This dazzling display of acrobatics, puppetry, and sheer magic, performed to music that ranges from cabaret to jazz, comes from the wild imagination of Aurelia Thieree, granddaughter of the inimitable Charlie Chaplin and great-granddaughter of Eugene O’Neill. Her skills as an actress, an illusionist, and a dancer make this a breathtaking performance.
This cirque extraordinaire kicks of its West Coast tour in Los Angeles in April, with rave notices from the Spoleto Festival and from Paris, where the rave tremendous came from my grandson who saw it there. Clever and inventive, surprising the audience with illusion, visual wit, sight gags, and elaborate illusions involving red velvet curtains with a life of their own…this is a quirky world of fun and fantasy to surprise, amaze, and delight adults and kids alike.
Buzzine Editor-in-Chief Richard Elfman spoke with Aurelia about the background of this unusual and wildly entertaining spectacle:
Richard Elfman: Can you give me the background of your creation, starting with The Cirque Imaginaire?
Aurelia Thieree: Basically, my parents started in the early ‘70s to create a new kind of circus with no animals and to reinvent the circus of those [Victorian] days–their own show. And then my brother and I were born, and from then it was the four of us.
RE: Did that collaboration worked well?
AT: My family has always worked together, so it’s not much different from any other collaboration. We had a common desire to do something and, when working with family, it makes the work easier because you love one another. The key is to have the project be more important.
RE: The present show was created by your mother and performed by you?
RE: This is a broad question. Could you describe what you are trying to convey?
AT: It defines itself little by little. We had no precise idea at the beginning, except that there was a book my mother found called The World Upside Down, with images from the medieval ages where everything was reverted. She thought it would make a good skeleton for visuals. For instance, the man was carrying the horse and the woman was going to war, which in those days was unheard of. Then the idea that it’s a woman alone and she’s gone completely mad–those were the two first ideas. My mother gets inspired by so many different things. I’m still discovering that, every night I do the show. She has a very specific, theatrical style and language, and we all–because I’m not alone on the stage—we all try to use whatever we can to serve and inspire.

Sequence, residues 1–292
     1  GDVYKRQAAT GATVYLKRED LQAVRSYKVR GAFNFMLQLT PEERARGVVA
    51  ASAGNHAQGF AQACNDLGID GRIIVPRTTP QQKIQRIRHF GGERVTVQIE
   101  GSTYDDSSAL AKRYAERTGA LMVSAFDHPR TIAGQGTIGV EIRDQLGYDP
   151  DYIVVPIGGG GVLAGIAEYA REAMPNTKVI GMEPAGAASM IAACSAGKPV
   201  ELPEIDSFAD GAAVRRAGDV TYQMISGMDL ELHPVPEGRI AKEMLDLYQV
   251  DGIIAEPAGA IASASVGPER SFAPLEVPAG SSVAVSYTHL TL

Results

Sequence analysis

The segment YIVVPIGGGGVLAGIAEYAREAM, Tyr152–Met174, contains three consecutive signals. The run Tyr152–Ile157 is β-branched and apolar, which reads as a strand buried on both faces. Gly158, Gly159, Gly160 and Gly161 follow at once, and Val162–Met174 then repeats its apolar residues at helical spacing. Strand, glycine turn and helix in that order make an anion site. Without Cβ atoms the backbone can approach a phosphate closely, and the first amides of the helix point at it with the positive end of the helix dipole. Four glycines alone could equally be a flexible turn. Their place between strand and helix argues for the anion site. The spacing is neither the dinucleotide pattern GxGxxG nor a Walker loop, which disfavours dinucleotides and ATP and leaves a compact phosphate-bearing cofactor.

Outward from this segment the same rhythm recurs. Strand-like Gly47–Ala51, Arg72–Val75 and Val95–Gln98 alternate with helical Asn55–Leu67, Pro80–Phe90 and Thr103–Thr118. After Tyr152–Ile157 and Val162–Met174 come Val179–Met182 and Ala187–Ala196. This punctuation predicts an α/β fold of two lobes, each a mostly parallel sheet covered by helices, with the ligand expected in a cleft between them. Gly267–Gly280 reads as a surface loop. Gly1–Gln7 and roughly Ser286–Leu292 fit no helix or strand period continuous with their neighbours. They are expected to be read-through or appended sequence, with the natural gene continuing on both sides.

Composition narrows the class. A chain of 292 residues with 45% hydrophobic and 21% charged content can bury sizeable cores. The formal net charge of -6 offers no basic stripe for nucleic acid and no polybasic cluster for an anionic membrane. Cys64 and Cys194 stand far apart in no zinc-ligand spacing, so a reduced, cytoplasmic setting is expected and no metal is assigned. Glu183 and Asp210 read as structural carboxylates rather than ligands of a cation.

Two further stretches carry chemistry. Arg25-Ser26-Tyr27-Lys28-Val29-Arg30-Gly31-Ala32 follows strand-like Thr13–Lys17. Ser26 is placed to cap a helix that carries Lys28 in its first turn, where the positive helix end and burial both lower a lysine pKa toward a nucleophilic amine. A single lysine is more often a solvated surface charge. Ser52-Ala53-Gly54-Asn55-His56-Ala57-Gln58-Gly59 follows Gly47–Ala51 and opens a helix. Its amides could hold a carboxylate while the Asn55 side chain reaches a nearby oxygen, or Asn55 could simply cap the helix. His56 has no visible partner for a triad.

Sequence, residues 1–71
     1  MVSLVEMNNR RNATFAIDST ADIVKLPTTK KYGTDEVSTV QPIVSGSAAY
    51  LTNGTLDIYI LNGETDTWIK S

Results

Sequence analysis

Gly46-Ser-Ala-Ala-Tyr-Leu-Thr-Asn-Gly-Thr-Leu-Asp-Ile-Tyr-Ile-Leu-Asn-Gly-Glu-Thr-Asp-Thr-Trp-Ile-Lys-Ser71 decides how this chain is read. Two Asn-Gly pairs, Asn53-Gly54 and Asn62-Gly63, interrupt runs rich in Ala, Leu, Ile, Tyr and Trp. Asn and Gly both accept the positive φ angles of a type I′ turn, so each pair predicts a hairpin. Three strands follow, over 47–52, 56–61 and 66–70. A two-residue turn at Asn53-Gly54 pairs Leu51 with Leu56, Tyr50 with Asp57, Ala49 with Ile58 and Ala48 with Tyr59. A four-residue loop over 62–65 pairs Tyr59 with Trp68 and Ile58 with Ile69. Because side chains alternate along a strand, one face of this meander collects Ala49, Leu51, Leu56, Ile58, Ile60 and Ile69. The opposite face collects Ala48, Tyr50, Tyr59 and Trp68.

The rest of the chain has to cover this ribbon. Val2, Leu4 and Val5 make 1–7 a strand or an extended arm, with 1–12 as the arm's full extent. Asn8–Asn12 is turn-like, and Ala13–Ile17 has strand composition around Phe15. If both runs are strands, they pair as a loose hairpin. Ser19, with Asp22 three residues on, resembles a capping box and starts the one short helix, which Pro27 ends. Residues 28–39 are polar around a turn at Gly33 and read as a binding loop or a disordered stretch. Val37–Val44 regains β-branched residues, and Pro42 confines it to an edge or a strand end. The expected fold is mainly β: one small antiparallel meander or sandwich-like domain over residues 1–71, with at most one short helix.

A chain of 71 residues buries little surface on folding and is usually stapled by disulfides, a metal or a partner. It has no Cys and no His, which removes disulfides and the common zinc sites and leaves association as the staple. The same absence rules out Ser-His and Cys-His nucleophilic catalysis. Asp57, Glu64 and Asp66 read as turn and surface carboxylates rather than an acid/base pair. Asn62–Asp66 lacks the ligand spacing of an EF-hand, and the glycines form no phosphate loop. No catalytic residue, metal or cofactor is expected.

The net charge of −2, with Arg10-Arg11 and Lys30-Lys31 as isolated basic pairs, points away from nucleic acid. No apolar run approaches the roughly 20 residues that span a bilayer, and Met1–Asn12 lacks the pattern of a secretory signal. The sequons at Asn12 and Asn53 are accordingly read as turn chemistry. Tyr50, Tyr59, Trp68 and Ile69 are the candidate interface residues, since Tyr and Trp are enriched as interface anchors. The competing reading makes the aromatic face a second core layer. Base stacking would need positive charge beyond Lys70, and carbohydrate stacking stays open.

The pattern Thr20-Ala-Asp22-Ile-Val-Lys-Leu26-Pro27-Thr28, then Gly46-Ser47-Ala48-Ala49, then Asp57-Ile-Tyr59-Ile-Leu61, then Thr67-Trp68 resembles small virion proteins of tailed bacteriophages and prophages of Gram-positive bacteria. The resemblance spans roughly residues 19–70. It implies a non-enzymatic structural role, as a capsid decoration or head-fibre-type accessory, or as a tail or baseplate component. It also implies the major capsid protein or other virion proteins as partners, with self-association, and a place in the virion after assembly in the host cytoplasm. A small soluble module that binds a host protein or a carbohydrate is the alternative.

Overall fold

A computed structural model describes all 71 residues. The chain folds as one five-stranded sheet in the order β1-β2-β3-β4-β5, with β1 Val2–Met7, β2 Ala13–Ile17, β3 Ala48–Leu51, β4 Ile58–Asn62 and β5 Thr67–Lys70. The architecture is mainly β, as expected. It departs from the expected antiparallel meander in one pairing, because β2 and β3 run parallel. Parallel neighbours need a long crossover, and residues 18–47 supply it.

RE: How long have you been performing Aurelia’s Oratorio?
AT: Five years now.
RE: You’ve gone all over the world. How is that life–performing and traveling?
AT: I love it. I mean, it’s my life, so the traveling and all that, the theaters…
RE: What city are you based in right now?
AT: I live in New York, but we are performing throughout the U.S.
RE: What would you say the future holds? Are there any other visions on the horizon?
AT: I have no idea, except I want to follow the show until it dies its natural death. We’re starting to work on a new show which would start where this one ends.
RE: What is the greatest satisfaction you have right now as an artist?
AT: To learn every night from it and just have the opportunity to perform it.